Research Culture and Remuneration

Research is the basis of innovation. Any enterprise that aspires to secure its future needs to invest wisely in research and development. Without such investment, the enterprise will invariably stagnate and allow competitors to take over – and these competitors will eventually push it out of business. Although health care is no exception to the need for ongoing innovation, research, and development, this is easily overlooked in a public health care system such as ours, which tends to shield itself from such market forces. The ongoing fiscal restraint in which our health care system operates – which pre-dates, but is further aggravated by the pandemic – has had a particularly detrimental effect on research. When comparing it to managing the healthcare crisis of the day, all too often research is viewed as optional rather than fundamentally important for our ongoing success.

Over the years a strange culture has developed in Manitoba’s health care system, one which places strict and arbitrary divisions between providing service and investing in ongoing research and innovation. It could be argued that during times of crisis it is appropriate, and indeed necessary, to focus primarily on service delivery to the community. However, academic healthcare institutions such as ours, which are the traditional motors of biomedical research, begin to suffer from a pervasive and progressive atrophy in their innovation platforms and activities. Without these our academic hospitals and clinics cannot stay up to date in a rapidly changing world, and sustain delivery of cutting edge health services to Manitobans.

Thus, in our opinion, there needs to be a profound change in culture. We need to embrace research as an integral part of delivering state of the art healthcare. It is only then that tertiary care institutions such as HSC will be able to sustain their role and function as Shared Health’s flagship provincial “advanced care” center. This will require not only a cultural shift at all levels of administration and the full spectrum of health care professionals, but also that we overcome a complex web of arbitrary and outdated regulations that are widely recognized as major impediments to the conduct of clinical trials and studies, be they investigator driven or industry sponsored. Without such change, the ultimate losers remain our patients who are unable to benefit in a timely fashion from novel – and often the only available – therapeutic options.  

Notwithstanding these structural considerations, most would agree that research is expensive and time consuming. Clinicians and clinician scientists are often uniquely equipped to undertake clinical and translational research, as they effectively straddle the bench to bedside gap. But in order to do this successfully, they need the time to develop their ideas, and to establish logistically viable protocols that are seamlessly integrated with healthcare delivery. How should this research time commitment be remunerated equitably in a fee for service (FFS) system? In our current FFS environment, this is, and will remain, very challenging. The average yearly clinical income of an internist (general and subspecialists combined) is somewhere in the $450k range, and for many it is much higher and may well exceed double that sum. Full time PhD researchers, who compete with clinician researchers at the “big tables”, are remunerated at a fraction of this amount. Should clinicians with a major research commitment be remunerated at the level of their PhD researcher peers who undertake comparable initiatives? Or, alternatively, at the level of their FFS peers? Or somewhere in between?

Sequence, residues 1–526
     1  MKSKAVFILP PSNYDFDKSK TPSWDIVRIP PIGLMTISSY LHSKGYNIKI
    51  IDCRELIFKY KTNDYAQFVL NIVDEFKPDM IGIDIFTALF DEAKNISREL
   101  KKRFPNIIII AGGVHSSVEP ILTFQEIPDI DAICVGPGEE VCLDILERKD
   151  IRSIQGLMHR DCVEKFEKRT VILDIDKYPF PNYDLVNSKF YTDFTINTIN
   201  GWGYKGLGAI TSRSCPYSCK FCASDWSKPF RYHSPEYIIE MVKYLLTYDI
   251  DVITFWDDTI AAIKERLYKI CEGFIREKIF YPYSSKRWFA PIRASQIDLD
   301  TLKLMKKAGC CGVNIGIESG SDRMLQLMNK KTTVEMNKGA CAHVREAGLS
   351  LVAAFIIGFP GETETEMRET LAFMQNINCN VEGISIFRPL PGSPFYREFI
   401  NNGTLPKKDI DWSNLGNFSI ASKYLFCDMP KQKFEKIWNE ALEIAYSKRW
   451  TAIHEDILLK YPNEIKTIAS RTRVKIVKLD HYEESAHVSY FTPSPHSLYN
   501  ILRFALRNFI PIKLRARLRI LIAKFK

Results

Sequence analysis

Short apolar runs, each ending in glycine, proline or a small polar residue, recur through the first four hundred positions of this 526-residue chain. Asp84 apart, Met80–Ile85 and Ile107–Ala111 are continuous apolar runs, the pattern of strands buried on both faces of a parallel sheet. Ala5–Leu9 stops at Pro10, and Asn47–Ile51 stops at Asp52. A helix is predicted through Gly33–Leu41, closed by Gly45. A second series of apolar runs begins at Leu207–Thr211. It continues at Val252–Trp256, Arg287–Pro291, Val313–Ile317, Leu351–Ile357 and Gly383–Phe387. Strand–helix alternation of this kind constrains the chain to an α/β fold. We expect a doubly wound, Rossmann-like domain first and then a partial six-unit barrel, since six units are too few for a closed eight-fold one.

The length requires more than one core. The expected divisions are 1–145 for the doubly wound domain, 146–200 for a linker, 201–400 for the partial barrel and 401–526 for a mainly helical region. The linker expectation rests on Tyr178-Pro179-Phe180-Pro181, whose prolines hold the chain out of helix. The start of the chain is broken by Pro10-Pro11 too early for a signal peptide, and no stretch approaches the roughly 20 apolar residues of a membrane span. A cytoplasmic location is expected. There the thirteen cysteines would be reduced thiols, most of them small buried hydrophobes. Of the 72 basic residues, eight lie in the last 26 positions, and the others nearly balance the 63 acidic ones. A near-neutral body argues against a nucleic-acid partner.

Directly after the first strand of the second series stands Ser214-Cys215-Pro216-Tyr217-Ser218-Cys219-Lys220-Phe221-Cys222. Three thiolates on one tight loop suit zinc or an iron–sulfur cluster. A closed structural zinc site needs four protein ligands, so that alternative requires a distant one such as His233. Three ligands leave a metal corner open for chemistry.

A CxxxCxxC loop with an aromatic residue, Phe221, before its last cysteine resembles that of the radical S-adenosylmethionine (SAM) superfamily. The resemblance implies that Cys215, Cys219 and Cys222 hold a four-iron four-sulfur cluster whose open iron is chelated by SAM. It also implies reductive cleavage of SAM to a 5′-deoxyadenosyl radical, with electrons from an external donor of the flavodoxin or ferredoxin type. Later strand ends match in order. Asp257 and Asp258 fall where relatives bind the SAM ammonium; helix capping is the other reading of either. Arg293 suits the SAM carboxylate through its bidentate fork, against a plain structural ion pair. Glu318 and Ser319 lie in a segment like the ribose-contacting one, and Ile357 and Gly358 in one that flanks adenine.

Many FFS based institutions, including our own Department, are perceived as “buying” protected research time from their faculty, who would otherwise be engaged in lucrative service delivery careers. While this may be well intended, aiming to sustain a vibrant research environment and community, no Department will ever be able to remunerate research time equivalently to the FFS income a physician would be able to generate during the same amount of clinical time. It should also be noted that, as per our universities interpretation of the Canadian Revenue Agency’s rules, overhead funds cannot be used as salary support for physicians that contribute to the overhead, i.e. to pay for protected research time. The issue is further compounded by the large differences in FFS income between various subspecialties. We have tried to tackle this, but it has proven very challenging.

In all cases, FFS income increases with increasing clinical service provided – i.e. the more patients seen in a clinic or on a ward, the more FFS billings and income. We would argue that a similar principle should be applied to research income for clinician-investigators/scientists.  In other words, a researcher who consistently attracts national grant support and publishes in high impact journals should be remunerated incrementally for his/her time compared to one who does not achieve such benchmarks. This would need to acknowledge the vagaries of grant application success, and all dedicated researchers need to have sufficient time to succeed at the “big tables”, often with multiple resubmissions of revised applications. But they need to be in the game, dusting themselves off after a failure and generating a more competitive application. The Department as a whole profits much more from investing its limited research budget into clinician researchers who have this tenacious “phenotype”, and who consistently deliver the best effort and output. In today’s world, this output can actually be measured reasonably objectively with established metrics. Conversely, ongoing investment in researchers who are unlikely to ever be able to meet these benchmarks, irrespective of how much time or effort is given, seems wasting the Department’s scarce research budget.